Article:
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The Southern white rhinoceros is one of five remaining species of rhinoceros (two African species and three Asian species) alive today. Southern white rhinos are currently listed as Near Threatened by the IUCN with approximately 20,000 animals remaining worldwide. Their survival is a portrait of conservation success as their numbers were less than 100 in 1895. Unfortunately, the only other surviving subspecies of white rhino, the Northern white rhinoceros, is currently near extinction with an unsustainable wild population of only four animals.

 Other rhino species are also in serious decline; the Sumatran rhino population stands at around 100 animals and the Javan rhino at only around 40. Poaching and habitat loss are the two biggest threats to these animals.

Rhinoceros are among the biggest land animals on the planet. White rhinos are semi-social and spend a majority of their day grazing on savanna grasses. The name “white” rhino does not indicate their skin color, but comes from a misinterpretation of a term that means “wide.” Their name actually means “wide-mouth” rhino in Afrikaans.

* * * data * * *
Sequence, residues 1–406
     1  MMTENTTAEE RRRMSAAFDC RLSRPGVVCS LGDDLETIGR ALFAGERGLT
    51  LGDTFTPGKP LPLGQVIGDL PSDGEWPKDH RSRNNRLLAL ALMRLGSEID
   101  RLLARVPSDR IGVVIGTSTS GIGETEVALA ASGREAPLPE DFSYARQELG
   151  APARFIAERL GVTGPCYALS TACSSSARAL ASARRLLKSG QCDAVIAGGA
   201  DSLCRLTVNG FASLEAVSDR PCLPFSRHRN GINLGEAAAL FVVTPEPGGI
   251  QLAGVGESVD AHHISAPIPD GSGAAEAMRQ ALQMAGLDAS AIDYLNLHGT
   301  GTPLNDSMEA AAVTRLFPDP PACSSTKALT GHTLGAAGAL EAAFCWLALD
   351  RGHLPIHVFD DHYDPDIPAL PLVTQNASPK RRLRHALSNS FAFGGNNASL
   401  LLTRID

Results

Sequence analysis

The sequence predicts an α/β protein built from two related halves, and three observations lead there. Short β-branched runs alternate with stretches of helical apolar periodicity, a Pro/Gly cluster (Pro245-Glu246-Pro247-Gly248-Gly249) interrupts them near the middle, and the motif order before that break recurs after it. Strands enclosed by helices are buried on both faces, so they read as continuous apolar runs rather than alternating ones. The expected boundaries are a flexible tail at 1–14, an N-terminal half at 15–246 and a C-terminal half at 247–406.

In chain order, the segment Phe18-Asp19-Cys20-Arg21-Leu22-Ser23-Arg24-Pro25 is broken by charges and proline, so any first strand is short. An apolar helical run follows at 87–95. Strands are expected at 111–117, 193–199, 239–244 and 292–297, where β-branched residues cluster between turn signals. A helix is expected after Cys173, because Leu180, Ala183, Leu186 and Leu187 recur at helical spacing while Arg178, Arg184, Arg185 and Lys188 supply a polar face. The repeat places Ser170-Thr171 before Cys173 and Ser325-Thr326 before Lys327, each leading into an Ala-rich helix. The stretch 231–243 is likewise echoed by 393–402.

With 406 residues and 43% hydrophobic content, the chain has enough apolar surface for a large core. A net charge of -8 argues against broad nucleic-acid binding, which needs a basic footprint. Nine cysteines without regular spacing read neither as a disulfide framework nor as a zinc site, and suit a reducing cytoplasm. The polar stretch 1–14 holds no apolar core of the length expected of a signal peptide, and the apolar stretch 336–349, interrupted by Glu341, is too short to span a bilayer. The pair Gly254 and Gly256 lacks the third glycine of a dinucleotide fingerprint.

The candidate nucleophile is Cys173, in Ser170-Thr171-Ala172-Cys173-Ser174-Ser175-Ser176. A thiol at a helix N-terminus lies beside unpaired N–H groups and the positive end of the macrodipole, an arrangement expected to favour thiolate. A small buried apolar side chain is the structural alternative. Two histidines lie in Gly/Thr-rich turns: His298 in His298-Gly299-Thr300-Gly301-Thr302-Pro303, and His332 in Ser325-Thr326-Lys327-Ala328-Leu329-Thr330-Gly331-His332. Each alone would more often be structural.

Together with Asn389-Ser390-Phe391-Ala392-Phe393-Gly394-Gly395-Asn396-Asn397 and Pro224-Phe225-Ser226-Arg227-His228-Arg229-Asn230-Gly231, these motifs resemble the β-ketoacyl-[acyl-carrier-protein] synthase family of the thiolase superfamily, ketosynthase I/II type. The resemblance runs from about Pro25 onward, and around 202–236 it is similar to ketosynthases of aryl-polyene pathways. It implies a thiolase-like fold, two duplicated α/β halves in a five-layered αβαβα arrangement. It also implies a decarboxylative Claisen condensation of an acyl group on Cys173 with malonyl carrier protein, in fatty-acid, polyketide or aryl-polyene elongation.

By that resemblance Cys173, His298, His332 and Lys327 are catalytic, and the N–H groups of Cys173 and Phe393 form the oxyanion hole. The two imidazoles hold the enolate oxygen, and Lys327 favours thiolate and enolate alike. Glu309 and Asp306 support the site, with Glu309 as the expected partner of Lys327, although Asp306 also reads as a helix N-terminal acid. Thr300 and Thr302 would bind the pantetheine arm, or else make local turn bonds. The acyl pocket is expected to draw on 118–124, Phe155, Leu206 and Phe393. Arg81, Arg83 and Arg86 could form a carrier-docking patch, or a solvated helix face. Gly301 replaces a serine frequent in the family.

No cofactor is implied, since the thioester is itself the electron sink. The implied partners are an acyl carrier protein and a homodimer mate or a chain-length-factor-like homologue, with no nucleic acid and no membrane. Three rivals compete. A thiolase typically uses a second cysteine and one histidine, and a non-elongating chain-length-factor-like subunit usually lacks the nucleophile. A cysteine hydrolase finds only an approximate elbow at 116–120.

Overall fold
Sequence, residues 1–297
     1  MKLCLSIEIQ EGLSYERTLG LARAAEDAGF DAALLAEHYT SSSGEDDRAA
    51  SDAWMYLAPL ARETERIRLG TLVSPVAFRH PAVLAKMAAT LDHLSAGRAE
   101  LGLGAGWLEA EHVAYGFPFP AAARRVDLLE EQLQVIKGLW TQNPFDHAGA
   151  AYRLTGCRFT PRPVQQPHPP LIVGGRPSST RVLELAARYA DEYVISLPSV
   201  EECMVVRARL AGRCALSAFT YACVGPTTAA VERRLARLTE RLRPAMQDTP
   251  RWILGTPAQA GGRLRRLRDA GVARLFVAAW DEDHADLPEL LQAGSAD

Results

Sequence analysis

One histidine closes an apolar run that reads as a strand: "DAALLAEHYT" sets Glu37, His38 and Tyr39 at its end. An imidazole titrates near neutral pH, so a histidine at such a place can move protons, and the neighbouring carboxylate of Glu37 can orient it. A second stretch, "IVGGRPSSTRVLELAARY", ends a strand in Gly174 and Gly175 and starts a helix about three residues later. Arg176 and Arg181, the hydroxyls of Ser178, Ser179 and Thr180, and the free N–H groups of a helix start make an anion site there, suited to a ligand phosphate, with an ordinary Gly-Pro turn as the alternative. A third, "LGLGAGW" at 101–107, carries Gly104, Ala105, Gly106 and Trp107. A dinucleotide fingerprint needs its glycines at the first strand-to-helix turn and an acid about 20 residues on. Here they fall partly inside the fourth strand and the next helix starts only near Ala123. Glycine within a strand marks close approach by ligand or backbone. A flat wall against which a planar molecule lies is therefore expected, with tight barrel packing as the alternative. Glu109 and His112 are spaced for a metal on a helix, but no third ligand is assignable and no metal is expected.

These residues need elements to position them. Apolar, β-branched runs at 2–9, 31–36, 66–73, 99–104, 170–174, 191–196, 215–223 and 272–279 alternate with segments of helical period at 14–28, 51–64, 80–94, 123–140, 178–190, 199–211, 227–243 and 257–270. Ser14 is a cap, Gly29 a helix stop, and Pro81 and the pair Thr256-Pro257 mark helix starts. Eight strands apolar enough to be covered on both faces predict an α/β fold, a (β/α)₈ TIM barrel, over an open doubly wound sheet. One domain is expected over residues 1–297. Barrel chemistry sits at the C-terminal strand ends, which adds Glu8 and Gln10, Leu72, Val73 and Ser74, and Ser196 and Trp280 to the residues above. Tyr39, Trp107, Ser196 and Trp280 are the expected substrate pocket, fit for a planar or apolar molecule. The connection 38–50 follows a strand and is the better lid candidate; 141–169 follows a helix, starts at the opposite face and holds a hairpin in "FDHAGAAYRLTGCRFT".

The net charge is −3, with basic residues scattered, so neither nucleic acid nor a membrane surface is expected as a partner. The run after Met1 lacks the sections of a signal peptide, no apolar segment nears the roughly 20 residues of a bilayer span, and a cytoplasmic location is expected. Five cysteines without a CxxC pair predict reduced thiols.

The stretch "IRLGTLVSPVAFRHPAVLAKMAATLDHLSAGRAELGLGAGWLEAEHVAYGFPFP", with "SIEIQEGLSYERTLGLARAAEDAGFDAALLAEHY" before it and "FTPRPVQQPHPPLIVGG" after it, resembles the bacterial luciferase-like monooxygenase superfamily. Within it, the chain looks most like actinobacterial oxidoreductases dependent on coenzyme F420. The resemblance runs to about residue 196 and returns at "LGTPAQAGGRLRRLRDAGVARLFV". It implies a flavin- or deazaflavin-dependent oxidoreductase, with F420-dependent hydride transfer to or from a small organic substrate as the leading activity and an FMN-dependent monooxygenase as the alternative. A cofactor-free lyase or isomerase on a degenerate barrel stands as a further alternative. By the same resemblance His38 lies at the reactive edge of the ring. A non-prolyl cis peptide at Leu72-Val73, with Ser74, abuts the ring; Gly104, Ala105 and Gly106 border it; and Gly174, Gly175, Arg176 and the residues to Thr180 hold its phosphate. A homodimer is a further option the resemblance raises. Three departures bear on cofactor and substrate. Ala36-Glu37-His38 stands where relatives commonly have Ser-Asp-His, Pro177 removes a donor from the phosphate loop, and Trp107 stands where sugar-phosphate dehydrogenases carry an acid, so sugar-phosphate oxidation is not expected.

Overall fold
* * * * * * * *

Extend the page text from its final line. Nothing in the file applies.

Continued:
The Phoenix Zoo currently houses one Southern white rhino female. Guests visiting the Zoo may be inspired to learn more about the future rhinos face without conservation support. Poaching of rhino in Africa has increased 3,346% since 2007. The illegal poaching and sale of rhino horn has increased due to false beliefs that rhino horn cures everything from cancer to hangovers. Rhino horn is actually made of keratin, the same substance as hair and fingernails, and confers no significant medical benefits. The Phoenix Zoo supports multiple rhino conservation efforts by raising funds to support programs in Africa and Asia. In 2013, the Phoenix Zoo Chapter of the American Association of Zoo Keepers raised more than $10,000 with their annual Bowling for Rhinos event.  The funds go directly to support programs that conserve rhinos through education, community support and wild population protection.  In addition, the Zoo’s Conservation & Science Grants Program has supported several projects related to rhinoceros conservation since the program began in 2009.



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